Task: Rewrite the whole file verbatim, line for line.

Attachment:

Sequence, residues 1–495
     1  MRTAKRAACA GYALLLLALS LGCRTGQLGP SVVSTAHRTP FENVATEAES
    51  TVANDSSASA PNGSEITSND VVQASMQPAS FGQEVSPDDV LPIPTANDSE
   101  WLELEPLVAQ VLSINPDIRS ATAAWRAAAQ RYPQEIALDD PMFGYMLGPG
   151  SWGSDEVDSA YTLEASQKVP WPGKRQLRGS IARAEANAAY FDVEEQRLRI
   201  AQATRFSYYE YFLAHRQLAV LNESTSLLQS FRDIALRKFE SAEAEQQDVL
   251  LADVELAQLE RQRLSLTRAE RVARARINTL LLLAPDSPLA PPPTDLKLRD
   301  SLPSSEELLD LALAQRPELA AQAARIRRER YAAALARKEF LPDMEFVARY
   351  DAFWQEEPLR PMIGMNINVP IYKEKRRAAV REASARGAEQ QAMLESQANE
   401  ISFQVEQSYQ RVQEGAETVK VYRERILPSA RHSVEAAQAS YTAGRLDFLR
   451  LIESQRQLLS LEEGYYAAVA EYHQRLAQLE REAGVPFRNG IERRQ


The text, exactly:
Sequence, residues 1–495
     1  MRTAKRAACA GYALLLLALS LGCRTGQLGP SVVSTAHRTP FENVATEAES
    51  TVANDSSASA PNGSEITSND VVQASMQPAS FGQEVSPDDV LPIPTANDSE
   101  WLELEPLVAQ VLSINPDIRS ATAAWRAAAQ RYPQEIALDD PMFGYMLGPG
   151  SWGSDEVDSA YTLEASQKVP WPGKRQLRGS IARAEANAAY FDVEEQRLRI
   201  AQATRFSYYE YFLAHRQLAV LNESTSLLQS FRDIALRKFE SAEAEQQDVL
   251  LADVELAQLE RQRLSLTRAE RVARARINTL LLLAPDSPLA PPPTDLKLRD
   301  SLPSSEELLD LALAQRPELA AQAARIRRER YAAALARKEF LPDMEFVARY
   351  DAFWQEEPLR PMIGMNINVP IYKEKRRAAV REASARGAEQ QAMLESQANE
   401  ISFQVEQSYQ RVQEGAETVK VYRERILPSA RHSVEAAQAS YTAGRLDFLR
   451  LIESQRQLLS LEEGYYAAVA EYHQRLAQLE REAGVPFRNG IERRQ